You Take Things Too Personally: 9 Ways To Toughen Up



taking-things-personally 2


You have feelings. Your feelings often get hurt. You take things personally. You end up feeling like S*it.

Why do you do this to yourself?

Imagine being tougher about the nasty, irrational things people say or do.


First: Why Feelings Are Hurt Easily

“We have been raised to value the opinions of others.” says Dr. Shefali Tsabary, and “few of us were raised to honour who we authentically are…Most of us were raised to honour what others thought of us.”

Because of this, we routinely hand our power, self-worth, and identity over to others who can control how we feel.

“…We [give] certain individuals more power over us than they deserve or should ever be allowed to have,” says Abigail Brenner, M.D.


8 Ways To Toughen Up

1. Understand Your Belief System. Your core belief system affects how you react to the world and the people you encounter. This idea comes from Marelisa Fabrega (whose example I have paraphrased:)

If I hold a door open for someone, I expect a ‘thank you.’ If they don’t thank me, they are rude. They are not only rude, they are proving, by ignoring me, that I’m not important.

There it is. Your belief system, ‘defining’ your self-worth.

Keep your belief system. Just be clear: it will be tested at times, that’s normal, and it’s not a reflection on you.

2. Stop Obsessing About What People Think of You. 

While it’s human nature to want to be liked, says Dr. Gary Trosclair, “… if you betray yourself to get people to like you, that causes problems that are at least as bad if not worse.” Instead, he says, “find your own people” – those who love you for who you are. They will insulate you from those who are less than pleasant.

3. Not Everyone Is Going To Agree With You. That’s Okay.

If you have opinions, a backbone, and don’t put up with bullsh*t, the price is occasional conflict with others. You need a backbone. If you have one, good for you. If you don’t, you may have a ‘people pleasing’ affliction (see here,) and that’s not okay.

4. Don’t Absorb Nonsense. Brush It Off.

Says author Don Miguel Ruiz, from “The Four Agreements.” “Taking things personally makes you easy prey for…predators, the black magicians. They can hook you easily with one little opinion and feed you whatever poison they want, and because you take it personally, you eat it up….”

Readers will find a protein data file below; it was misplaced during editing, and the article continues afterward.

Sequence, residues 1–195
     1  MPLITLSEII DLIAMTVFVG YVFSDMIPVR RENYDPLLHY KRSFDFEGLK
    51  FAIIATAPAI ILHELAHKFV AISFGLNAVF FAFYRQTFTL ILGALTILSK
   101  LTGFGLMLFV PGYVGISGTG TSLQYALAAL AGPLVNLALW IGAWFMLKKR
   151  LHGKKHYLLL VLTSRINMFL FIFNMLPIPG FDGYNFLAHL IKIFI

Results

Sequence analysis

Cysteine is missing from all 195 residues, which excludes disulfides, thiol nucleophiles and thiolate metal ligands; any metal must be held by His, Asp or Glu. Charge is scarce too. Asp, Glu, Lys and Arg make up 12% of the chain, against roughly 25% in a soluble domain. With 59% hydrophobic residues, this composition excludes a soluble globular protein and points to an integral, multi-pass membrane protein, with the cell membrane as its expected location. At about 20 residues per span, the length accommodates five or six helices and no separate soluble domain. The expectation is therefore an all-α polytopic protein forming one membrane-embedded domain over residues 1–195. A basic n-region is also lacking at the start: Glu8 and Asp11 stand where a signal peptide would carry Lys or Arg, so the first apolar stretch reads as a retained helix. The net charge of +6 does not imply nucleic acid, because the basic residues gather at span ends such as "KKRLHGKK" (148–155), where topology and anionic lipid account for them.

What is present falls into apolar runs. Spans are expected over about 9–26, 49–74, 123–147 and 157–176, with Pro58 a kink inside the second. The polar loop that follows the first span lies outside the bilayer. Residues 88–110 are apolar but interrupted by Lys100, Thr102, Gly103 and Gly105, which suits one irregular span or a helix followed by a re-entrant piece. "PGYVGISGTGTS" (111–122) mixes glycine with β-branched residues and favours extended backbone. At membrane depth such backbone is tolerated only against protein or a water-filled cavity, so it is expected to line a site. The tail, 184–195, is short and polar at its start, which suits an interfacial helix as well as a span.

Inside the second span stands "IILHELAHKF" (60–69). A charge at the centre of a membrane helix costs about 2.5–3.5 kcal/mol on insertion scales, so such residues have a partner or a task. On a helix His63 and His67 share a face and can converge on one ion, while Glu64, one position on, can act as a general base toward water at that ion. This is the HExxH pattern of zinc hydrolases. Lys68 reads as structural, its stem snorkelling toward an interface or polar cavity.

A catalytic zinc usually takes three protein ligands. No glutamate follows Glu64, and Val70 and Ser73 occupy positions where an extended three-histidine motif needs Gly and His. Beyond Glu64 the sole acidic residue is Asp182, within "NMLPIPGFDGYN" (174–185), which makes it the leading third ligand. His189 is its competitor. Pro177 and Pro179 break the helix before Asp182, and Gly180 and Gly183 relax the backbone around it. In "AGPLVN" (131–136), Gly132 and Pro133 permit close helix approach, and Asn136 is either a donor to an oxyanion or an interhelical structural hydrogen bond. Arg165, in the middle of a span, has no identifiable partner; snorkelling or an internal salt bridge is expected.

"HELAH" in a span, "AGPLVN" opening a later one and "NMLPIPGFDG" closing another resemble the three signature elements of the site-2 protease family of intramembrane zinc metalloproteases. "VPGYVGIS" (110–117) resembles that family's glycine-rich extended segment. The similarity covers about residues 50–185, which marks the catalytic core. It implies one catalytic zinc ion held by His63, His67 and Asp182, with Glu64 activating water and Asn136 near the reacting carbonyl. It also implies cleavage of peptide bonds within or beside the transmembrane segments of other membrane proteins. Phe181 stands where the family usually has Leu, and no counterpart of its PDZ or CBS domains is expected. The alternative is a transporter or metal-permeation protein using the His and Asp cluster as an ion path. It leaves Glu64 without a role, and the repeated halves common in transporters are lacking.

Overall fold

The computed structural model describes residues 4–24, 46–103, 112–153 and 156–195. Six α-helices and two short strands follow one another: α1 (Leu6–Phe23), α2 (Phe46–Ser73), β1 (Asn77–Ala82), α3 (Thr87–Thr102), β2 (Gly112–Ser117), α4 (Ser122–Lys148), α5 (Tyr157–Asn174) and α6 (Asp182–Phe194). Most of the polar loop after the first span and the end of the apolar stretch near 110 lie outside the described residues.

Don’t eat it up. Spit it out. Refer back to #1.

5. Choose Peace.

If there is a person in your life who consistently drags you down and hurts you, a tough stand may be necessary. “I have had to remove people who are “energy vampires” from my life…” says Sahil Dhingra, “not necessarily because of them, but also because I deserve peace.

6. Know This: It Isn’t About You

Remember this: “Hurt people hurt people,” says Sahil Dhingra. That is about them. Not you.

7. View A Situation Optimistically, Not PersonallyIf you have done your best for someone (such as holding a door for them, or far, far more) silently congratulate yourself for your good deed(s) – no matter how the other person decides to behave. As in, “Good for me, I did the right thing.” You are entitled to bolster your own self-esteem and acknowledge your own ‘good’ whenever possible.

8. Set Boundaries.“You are the only person who can take care of your feelings and emotional energy,” says Barrie Davenport. “So if you are easily hurt, you have to set boundaries.” That means anything from physically distancing yourself from people who are toxic, to completely avoiding their abusive phone calls or text messages.

9. Embrace Wisdom. “It is no one’s job to approve of or understand us,” says Dr. Shifali Tsabary.

That’s why it’s so important to find out why your feelings are hurt too often.

Caring too much about what others think is a problem. It is symptomatic of other afflictions, such as low self-esteem, shame, and guilt.

Feeling hurt is normal. But it is not productive. Taking things personally is not constructive. If you can learn to understand why you are vulnerable, and change your perspective, you will feel stronger and be more resilient.

Most importantly, you will less prone to negative emotions that bring on anxiety and depression.


This entry was posted on Saturday, July 1st, 2017 at 12:28 am and is filed under Posts. You can follow any responses to this entry through the RSS 2.0 feed.

leave a comment

While I don't publish all comments, I welcome and appreciate your feedback and participation. If you'd prefer to keep your comment 'private,' please use my contact form (located on my website menu) and indicate this. I will happily respond to all comments and questions.

Are you struggling with
the stress in your life?

I offer unique coping tips not found elsewhere.
I've been there.

  1. Subscribe to the Stress Bubbles Blog - free, right to your inbox!
  2. Follow me on facebook for inspirational quotes, mental health updates, and laughs
  3. Follow me on twitter for real time commentary, engaging chats, special shares.